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Bryce Harper rounds the bases after homering in the first inning yesterday.
Yes, we always have to issue the disclaimer about this only being spring training, and you should never read too much into spring training stats. OK, good, now that we have that out of the way, let's read too much into spring training stats!
Here are Harper and Zimmerman's current Grapefruit League batting lines...
Aside from the fact they're not drawing any walks at this point, it's hard not to like those numbers. Plain and simple, both Harper and Zimmerman have been raking at the plate all spring, and neither has shown signs of easing up anytime soon.
"I don't know, I can't hit a changeup right now," Harper said in his typical downplaying fashion, pointing out the one flaw in his swing on March 14. "I'm just trying to stay as patient as I can, trying to get a pitch up in the zone and try to square up as many pitches as I can down here."
The 20-year-old really squared up a Matt Harvey fastball yesterday, launching a three-run homer over the signage beyond the wall in right-center field at Space Coast Stadium for his third homer of the spring. He added an RBI single to left off Mets reliever Bobby Parnell later to cap a 2-for-4 afternoon.
Harper seemingly has been locked-in since the exhibition season began three weeks ago, and he's admittedly anxious for these hits to start counting for real.
"Spring training is long," he said. "I wish [the season] would start pretty soon. But we've got two weeks to work on some things. I've got to try to get better in the outfield and do some things out there and still try to work with Denard [Span] and see how he communicates out there. And I've still got to try to get a few more ABs under my belt. Like I said, it's still March. Guys are getting better. Pitchers are still getting better. I've still got work."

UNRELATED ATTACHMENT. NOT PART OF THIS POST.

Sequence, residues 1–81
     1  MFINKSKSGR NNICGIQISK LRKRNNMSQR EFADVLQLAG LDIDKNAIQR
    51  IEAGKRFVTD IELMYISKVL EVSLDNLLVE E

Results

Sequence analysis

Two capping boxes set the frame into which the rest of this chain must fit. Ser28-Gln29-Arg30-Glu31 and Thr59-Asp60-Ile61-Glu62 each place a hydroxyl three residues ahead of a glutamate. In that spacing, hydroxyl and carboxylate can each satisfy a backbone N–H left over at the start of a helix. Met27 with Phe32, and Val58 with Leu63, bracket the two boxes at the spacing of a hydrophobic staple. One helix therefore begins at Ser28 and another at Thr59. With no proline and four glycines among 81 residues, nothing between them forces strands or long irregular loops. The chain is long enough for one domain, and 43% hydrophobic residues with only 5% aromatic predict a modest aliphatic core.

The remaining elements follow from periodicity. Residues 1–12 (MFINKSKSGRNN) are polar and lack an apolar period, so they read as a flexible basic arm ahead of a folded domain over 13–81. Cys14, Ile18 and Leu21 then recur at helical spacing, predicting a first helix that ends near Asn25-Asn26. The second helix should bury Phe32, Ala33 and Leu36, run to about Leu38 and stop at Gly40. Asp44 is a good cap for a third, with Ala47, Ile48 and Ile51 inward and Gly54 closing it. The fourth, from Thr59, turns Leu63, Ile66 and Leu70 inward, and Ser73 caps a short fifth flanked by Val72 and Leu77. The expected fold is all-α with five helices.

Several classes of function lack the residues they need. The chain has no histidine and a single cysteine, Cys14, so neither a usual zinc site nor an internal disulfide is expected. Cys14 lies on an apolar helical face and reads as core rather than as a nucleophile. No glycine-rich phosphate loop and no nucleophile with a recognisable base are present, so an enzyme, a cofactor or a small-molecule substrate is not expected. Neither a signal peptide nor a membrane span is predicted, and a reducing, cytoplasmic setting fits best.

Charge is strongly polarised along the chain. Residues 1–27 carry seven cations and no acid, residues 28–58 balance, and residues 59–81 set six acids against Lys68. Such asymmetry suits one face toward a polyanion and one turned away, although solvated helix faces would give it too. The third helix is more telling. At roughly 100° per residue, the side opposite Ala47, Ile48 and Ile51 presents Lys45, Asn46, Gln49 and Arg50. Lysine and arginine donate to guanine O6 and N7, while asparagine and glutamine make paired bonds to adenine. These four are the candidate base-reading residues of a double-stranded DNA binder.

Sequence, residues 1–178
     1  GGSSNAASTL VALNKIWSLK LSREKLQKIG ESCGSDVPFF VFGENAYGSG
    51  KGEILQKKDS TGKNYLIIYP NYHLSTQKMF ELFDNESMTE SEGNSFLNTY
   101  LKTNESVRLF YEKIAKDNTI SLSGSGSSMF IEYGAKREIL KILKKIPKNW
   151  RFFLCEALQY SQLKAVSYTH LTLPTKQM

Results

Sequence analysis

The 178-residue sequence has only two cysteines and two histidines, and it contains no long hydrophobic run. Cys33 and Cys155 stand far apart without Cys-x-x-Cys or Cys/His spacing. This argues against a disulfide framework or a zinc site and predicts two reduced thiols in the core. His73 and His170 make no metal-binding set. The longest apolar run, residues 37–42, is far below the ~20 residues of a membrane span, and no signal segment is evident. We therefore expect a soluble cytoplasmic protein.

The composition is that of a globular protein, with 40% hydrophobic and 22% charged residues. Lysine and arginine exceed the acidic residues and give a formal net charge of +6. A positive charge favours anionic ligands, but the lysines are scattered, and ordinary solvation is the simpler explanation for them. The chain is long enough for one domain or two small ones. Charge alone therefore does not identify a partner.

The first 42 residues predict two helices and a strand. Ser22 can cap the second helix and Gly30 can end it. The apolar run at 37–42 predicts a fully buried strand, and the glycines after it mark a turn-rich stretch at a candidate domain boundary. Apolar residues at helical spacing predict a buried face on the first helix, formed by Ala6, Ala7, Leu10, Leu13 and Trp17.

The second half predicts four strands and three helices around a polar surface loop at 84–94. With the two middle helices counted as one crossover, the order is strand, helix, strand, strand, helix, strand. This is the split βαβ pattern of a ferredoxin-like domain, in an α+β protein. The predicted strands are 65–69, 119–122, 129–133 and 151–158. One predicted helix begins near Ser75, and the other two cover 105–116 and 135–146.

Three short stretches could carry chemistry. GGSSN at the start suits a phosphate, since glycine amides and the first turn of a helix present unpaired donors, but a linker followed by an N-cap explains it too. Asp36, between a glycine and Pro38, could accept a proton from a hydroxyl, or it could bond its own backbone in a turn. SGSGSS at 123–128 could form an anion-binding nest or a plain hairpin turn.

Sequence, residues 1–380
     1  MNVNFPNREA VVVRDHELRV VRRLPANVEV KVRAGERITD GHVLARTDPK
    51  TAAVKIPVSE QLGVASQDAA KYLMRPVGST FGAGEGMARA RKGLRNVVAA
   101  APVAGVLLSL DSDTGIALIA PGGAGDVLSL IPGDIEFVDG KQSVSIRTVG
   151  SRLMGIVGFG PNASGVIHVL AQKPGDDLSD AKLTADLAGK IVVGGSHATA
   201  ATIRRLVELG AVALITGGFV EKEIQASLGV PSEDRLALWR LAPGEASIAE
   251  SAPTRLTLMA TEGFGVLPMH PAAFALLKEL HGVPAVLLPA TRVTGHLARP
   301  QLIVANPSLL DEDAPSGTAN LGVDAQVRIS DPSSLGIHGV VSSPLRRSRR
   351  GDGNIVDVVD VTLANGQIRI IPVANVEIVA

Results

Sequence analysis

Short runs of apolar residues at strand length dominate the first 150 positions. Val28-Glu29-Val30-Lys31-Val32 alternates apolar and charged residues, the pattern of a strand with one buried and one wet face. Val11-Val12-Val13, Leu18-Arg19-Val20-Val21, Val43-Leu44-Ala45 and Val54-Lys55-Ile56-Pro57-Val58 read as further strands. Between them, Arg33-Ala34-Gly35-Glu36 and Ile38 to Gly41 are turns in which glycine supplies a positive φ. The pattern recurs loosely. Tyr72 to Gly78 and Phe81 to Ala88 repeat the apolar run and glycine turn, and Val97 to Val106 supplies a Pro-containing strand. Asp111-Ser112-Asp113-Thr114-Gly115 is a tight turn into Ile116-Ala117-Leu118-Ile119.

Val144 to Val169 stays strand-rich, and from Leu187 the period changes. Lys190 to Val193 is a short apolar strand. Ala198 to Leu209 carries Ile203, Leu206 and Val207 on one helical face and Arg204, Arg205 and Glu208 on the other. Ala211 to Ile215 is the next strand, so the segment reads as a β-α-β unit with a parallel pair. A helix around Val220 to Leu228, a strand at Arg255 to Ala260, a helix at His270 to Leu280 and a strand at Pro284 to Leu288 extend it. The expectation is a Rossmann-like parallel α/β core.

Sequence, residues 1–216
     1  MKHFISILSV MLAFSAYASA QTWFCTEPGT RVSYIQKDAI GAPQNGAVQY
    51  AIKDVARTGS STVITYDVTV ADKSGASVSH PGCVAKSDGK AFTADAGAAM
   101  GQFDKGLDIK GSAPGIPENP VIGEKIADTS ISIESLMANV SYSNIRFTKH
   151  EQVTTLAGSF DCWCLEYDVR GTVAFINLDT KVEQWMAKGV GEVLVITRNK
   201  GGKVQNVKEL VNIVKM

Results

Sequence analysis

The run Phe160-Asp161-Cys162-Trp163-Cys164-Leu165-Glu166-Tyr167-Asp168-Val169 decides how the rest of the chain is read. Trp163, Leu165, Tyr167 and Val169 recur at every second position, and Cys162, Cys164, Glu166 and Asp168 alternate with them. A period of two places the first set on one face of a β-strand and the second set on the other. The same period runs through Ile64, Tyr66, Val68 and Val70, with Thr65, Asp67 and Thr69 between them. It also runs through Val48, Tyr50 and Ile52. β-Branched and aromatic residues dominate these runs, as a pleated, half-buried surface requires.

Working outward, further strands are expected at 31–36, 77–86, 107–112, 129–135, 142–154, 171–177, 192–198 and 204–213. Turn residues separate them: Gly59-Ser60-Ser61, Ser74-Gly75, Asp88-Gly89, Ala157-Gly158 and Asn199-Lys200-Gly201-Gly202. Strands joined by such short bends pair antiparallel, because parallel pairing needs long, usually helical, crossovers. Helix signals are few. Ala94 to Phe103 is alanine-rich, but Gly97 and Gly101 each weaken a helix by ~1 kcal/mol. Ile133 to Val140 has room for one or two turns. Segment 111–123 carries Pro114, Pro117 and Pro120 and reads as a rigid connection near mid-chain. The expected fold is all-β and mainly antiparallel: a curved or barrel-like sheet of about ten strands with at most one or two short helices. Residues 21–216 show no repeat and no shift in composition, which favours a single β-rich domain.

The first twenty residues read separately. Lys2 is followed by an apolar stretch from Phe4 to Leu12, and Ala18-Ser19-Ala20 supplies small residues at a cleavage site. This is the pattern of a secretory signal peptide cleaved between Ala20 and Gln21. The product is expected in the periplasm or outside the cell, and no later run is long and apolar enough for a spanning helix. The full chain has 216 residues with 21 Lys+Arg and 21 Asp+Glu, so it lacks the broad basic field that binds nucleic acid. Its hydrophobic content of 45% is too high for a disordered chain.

Unlike Harper, Zimmerman probably does still need two more weeks of spring training. Not to get his swing down, but to get some playing time in the field. Brought along slowly this spring following right shoulder surgery, he has yet to appear in a game at third base, serving only as designated hitter to date.
Zimmerman has been participating fully in pregame defensive drills, though, and his throwing motion looks noticeably smoother than it was last season when he played through a sprain of the AC joint.
"Everything's good," he said. "Now it's just a matter of throwing until it feels good. I've just got to have the volume and reps to get it back into shape. And after that, we'll be good to go."
Zimmerman plans to take the field for the first time on Monday, then play in most of the Nationals' remaining exhibition games. Combine that with the games he's already appeared in as DH, and he's confident he'll get enough work in advance of Opening Day.
"I mean, I'll have plenty of at-bats," he said. "I'll probably end up with more at-bats than if I had been playing in the field. But everything's right on time, maybe even ahead of schedule. Because even if I don't come back until the 18th, that's still 10 days of games. I'll be good."
As will the kid hitting in front of Zimmerman in what could be one of the NL's most potent 3-4 combos.